Aberdeen Officer Gets Light Prison Sentence on Sex Charges
Aberdeen Proving Ground's Capt. Derrick Robertson pleaded guilty and was sentenced on March 20 to only four months in prison on charges of adultery, sodomy, conduct unbecoming an officer and failing to obey a general lawful order. Roberston admitted to having sex with a 20-year-old female private under his command who came to him seeking advice about sexual harassment and abuse she had experienced from another male officer. Robertson could have been sentenced to up to 10 and a half years in prison for those charges and was cleared of the more serious charges of rape, indecent assault, and the obstruction of justice.
Seven other Aberdeen staff members have been charged with criminal sexual offenses, three of whom face courts-martial. Two others have agreed to discharges. Robertson, the first to face a court-martial, was the highest-ranking officer accused of sexual misconduct at Aberdeen. Newspaper accounts of the trial described Robertson as "relaxed" and "smiling" during the proceedings. The plea-bargain stipulated one year in prison but suspended eight months of that sentence.
The Congressional Women's Caucus has called for prosecution of sex offenders to be the Army's top priority despite recent concerns that investigators have been overzealous. The NAACP recently criticized the investigation and held a press conference in which five white female recruits said investigators tried to coerce them into saying they were raped by black men despite the fact that they had never made such charges. Over 50 women have come forward with allegations of sexual abuse since the Aberdeen investigation opened in November, and members of the Congressional Women's Caucus have urged that the Army investigation be allowed to run its course.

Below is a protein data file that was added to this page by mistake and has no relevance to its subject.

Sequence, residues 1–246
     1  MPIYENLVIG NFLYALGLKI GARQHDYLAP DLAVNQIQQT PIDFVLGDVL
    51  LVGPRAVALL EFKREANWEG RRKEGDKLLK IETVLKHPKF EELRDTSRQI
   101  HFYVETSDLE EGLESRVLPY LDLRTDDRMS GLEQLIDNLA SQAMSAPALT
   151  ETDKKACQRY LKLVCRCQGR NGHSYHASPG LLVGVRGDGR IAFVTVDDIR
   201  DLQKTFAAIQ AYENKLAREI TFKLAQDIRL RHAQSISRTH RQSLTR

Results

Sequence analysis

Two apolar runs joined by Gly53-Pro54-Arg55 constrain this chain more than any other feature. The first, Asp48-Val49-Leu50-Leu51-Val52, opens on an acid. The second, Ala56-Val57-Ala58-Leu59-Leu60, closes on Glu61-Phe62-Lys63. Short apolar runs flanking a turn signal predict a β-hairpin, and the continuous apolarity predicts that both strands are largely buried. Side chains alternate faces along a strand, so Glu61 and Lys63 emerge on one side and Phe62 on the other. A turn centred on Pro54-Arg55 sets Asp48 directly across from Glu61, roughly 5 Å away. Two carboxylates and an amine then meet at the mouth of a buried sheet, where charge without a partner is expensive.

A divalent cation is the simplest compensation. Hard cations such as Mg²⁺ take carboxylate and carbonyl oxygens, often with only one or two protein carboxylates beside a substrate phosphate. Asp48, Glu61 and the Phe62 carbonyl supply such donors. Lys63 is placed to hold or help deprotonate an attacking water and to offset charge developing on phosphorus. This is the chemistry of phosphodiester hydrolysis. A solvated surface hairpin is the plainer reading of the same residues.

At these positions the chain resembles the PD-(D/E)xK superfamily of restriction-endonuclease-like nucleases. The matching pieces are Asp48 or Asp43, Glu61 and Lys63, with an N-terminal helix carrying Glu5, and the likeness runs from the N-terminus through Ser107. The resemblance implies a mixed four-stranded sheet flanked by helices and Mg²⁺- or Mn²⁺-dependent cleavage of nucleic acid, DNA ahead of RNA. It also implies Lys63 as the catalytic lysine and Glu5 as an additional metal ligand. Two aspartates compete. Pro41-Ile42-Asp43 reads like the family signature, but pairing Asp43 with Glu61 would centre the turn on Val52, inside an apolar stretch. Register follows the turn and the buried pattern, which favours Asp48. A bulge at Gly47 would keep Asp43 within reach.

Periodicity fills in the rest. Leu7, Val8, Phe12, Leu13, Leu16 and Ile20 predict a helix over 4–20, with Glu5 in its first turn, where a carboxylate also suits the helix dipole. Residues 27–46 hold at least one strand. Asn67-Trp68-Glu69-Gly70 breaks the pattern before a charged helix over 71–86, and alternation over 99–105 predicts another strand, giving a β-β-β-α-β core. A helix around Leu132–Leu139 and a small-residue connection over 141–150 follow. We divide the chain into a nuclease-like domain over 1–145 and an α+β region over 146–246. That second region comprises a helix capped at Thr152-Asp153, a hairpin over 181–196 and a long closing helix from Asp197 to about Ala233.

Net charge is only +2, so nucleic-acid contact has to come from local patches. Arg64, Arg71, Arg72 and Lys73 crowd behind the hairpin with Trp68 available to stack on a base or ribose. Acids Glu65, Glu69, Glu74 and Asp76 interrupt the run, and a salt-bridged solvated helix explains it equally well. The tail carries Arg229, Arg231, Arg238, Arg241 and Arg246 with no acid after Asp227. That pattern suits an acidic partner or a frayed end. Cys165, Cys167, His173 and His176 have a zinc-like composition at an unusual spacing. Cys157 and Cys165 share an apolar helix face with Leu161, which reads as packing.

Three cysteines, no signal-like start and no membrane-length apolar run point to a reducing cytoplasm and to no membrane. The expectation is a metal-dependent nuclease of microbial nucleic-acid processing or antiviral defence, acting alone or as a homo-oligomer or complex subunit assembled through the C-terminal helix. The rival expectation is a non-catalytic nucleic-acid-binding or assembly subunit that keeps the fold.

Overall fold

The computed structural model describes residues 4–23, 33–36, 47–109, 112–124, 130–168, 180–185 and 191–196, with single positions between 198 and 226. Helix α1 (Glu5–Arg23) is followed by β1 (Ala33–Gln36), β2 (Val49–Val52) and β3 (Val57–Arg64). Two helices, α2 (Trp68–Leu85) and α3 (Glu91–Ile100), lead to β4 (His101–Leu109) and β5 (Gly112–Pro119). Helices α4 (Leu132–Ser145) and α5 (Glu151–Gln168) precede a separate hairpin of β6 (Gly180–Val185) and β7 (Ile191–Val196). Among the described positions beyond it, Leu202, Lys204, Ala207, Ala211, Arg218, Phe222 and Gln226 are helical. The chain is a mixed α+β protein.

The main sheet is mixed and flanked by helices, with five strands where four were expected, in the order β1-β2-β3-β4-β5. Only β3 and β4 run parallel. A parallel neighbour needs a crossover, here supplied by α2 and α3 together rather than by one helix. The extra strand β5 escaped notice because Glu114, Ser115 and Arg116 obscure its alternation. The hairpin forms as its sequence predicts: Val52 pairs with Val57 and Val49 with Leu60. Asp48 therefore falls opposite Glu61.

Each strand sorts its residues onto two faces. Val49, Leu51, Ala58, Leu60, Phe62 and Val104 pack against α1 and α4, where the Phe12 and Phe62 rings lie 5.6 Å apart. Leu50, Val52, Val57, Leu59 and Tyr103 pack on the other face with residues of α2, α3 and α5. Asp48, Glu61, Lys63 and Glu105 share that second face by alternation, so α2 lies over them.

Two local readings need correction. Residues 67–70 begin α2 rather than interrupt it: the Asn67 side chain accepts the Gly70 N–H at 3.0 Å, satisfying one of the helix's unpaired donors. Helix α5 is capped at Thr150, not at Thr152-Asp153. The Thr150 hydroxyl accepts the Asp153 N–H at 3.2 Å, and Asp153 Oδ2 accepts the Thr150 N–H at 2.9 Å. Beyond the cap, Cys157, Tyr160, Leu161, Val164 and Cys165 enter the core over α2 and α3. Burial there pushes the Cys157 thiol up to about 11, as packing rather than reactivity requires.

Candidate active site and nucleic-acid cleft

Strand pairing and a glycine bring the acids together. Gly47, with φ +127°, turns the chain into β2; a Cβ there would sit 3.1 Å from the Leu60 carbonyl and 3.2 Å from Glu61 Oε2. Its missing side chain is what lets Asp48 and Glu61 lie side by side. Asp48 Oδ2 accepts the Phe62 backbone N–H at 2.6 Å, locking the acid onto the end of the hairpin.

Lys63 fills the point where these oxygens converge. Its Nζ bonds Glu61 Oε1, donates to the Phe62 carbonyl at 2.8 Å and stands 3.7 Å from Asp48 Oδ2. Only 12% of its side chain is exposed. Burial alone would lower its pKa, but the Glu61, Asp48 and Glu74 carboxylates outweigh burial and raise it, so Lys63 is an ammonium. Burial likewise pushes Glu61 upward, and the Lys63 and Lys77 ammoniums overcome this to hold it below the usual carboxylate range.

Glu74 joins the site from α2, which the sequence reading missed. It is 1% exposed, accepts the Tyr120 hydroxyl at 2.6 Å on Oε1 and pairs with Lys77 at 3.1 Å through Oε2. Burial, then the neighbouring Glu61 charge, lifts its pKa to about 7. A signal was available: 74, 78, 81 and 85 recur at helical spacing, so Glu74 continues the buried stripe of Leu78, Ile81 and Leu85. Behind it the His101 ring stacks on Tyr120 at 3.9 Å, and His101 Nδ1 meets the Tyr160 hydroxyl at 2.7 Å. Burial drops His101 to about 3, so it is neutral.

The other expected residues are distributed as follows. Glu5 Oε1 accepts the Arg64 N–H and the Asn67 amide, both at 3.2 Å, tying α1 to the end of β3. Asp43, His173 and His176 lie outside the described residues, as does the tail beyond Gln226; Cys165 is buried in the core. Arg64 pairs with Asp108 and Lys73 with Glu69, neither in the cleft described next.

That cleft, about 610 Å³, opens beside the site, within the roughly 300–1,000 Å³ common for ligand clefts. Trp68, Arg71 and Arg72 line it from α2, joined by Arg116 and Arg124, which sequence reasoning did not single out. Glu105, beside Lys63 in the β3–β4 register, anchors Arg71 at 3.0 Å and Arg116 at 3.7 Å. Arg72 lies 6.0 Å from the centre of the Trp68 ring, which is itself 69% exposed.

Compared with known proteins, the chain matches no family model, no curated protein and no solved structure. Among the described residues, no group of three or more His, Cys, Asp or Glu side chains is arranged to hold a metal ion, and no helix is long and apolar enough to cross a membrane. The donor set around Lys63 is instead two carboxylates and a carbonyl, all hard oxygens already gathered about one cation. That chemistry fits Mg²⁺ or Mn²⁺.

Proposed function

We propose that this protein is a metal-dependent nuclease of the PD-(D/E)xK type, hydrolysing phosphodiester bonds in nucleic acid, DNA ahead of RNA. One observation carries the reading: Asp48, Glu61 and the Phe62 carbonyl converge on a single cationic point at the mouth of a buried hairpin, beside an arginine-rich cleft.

Media Resources: USA Today - March 20, 1997; The Washington Post - March 21, 1997, The New York Times - March 21, 1997
10/20/2014 North Carolina Board of Elections Eliminates On-Campus Voting Sites Across the State - North Carolina will begin state-wide early voting on Thursday, and unlike the 2012 presidential election, many students across the state will have no polling place on-campus, making it more difficult for students to exercise their right to vote.
The North Carolina State Board of Elections recently eliminated the only on-campus voting location for the University of North Carolina at Charlotte, a campus with more than 20,000 students. . . .